The ‘deconstruction’ of the main part of the Heygate Estate in Elephant and Castle is well underway. Since last autumn, it has been almost completely hidden by scaffolding; to a passerby, it might have looked as if the blocks were being built rather than being taken down. But now that any asbestos and all the fixtures and fittings have been removed, cranes are removing the concrete panels from the block nearest the Walworth Road. It’s an unspectacular demolition, and a quiet one. There won’t be a specific moment of explosive collapse; the 1974 structure will just be gone by the end of the year.
In May 2012, Adrian Glasspool, one of the last Heygate leaseholders, asked Southwark Council for a copy of the ‘financial viability assessment’ submitted by the developer, Lend Lease, when it made its planning application to redevelop the land the estate is on. The council refused his request twice. Glasspool complained to the Information Commissioner and the council sent him a version of the assessment – but it left out how Lend Lease had decided it could afford to provide only 25 per cent ‘affordable’ housing. Southwark has a target of 35 per cent in new developments (neither figure goes any way to replacing the actually affordable homes that have been lost). In July 2013, the Information Commissioner ruled that Southwark had to make the rest of the assessment public. The council appealed, with Lend Lease bearing part of its legal costs, and Fiona Colley, the councillor in charge of regeneration in Southwark, warned that developers might start refusing to work with councils if they had to release commercially sensitive information.
On Friday, Southwark lost its appeal. Mr Justice Warren's judgment is interesting for several reasons. He spells out that the definition of ‘viability’ is ‘not whether a scheme will break even; it includes within it a profit for the developer, often put at about 20 per cent’. He emphasises that 'there is no “breach of trust” when a public authority fulfils its statutory obligation' under the Freedom of Information Act or (as in this case) Environmental Information Regulations: 'Private sector partners and their consultants are aware of the legal limits.' He considers Lend Lease’s rights, under articles 1 and 8 of the European Convention on Human Rights, to the ‘peaceful enjoyment of its possessions’ and a 'private and family life' – but regards them as unthreatened. The Information Commissioner has already ruled in favour of disclosures to campaigners against developments in Earl’s Court and Greenwich; Peter John, the Leader of Southwark Council, said last year: ‘The implications for regeneration projects across the country are potentially enormous.’ Yesterday the council issued a press release: ‘We are broadly pleased with today's decision.’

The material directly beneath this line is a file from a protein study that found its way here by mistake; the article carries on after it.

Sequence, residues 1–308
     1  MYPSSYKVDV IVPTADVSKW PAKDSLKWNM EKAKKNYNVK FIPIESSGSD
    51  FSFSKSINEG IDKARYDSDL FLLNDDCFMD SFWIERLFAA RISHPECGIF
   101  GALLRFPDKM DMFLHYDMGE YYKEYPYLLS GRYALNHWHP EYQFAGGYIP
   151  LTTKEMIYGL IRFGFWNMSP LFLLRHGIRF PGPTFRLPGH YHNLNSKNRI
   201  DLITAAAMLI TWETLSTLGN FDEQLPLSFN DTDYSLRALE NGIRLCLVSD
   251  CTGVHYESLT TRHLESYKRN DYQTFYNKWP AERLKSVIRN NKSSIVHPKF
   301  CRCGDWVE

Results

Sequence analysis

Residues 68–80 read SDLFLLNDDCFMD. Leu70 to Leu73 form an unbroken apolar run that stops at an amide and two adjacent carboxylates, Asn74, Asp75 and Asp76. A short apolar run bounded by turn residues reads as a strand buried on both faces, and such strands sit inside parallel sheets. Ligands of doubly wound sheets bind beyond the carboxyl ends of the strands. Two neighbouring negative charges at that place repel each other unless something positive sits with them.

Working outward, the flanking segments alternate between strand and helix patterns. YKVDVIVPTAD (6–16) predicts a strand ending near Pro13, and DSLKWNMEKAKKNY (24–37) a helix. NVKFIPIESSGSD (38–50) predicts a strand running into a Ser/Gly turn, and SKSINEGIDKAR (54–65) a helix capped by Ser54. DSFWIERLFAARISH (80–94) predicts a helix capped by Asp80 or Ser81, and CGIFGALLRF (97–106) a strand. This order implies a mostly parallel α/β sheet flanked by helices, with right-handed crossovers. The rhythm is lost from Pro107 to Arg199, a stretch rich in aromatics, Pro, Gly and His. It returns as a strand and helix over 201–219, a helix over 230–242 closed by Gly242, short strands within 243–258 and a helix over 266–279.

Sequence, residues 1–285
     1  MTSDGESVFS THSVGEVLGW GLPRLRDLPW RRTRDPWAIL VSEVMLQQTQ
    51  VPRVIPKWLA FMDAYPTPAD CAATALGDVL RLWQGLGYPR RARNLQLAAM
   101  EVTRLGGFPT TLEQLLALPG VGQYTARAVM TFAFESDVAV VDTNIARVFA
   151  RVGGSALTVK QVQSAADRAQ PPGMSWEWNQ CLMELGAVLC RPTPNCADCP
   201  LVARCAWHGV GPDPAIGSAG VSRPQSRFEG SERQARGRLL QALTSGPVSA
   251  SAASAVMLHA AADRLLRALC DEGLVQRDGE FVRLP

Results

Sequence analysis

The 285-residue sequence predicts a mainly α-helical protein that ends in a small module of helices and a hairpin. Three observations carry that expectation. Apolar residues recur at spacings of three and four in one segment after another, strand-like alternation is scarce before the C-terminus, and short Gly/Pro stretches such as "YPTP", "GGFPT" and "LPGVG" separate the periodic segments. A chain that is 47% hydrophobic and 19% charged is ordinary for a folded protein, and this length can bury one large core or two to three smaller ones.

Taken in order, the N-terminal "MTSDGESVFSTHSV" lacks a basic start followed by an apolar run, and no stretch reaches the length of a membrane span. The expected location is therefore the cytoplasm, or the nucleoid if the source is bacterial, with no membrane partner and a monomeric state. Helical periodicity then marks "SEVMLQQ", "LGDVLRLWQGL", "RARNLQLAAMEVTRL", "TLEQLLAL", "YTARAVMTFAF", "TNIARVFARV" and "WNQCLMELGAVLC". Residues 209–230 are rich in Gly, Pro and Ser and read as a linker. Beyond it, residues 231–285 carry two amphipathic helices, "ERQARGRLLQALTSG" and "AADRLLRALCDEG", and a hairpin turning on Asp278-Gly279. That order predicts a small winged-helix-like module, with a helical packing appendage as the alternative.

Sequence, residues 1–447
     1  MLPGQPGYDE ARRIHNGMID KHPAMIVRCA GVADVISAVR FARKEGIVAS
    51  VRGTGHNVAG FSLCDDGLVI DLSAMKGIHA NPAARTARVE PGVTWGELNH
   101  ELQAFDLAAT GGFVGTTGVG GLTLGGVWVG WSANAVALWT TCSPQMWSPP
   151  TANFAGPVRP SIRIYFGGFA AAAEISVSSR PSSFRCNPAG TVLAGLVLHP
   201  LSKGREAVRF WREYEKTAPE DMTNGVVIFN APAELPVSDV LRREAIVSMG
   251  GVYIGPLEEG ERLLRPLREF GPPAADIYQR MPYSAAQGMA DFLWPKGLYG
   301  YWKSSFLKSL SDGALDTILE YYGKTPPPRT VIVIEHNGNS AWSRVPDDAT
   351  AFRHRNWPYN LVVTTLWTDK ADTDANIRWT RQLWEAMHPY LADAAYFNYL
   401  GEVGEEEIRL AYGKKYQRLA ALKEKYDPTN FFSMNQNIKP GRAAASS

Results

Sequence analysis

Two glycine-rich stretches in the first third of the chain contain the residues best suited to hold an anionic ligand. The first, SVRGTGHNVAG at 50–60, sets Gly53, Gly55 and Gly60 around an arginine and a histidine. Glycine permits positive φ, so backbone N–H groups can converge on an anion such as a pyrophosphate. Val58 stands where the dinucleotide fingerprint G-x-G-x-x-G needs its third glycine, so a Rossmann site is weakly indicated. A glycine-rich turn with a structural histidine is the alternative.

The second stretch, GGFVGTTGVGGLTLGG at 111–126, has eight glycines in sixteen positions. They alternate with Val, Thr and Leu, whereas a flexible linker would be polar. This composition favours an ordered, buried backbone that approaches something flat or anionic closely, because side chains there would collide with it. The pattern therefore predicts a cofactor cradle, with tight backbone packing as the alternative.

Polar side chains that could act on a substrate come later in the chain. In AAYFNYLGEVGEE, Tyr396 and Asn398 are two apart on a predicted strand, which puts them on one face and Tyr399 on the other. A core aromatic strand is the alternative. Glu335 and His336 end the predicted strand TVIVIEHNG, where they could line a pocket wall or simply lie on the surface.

But, depressingly, the judgment’s potted history of the area, and of public housing, accepts the tendentious story that the council and its planning department have been telling for years as a matter of unassailable fact. Glasspool might want ‘a very different kind of development’, the judge said, but ‘we do not think he would dissent from the proposition that something must be done. There is now no alternative to the present project, already seven years in the making.’
The most telling mistake is the reference to ‘the people who live there’. No former Heygate tenant or leaseholder has a hope of living on the site again. The 35 Percent campaign has produced a map showing where the former residents with secure tenancies are now. Former leaseholders have moved even further away. Fiona Colley said last year: ‘There is nothing I would like more than to publish’ the viability assessment ‘and show the world what a fantastic deal we negotiated for the people of Elephant & Castle.’ Southwark Council and Lend Lease have 28 days to show their sums.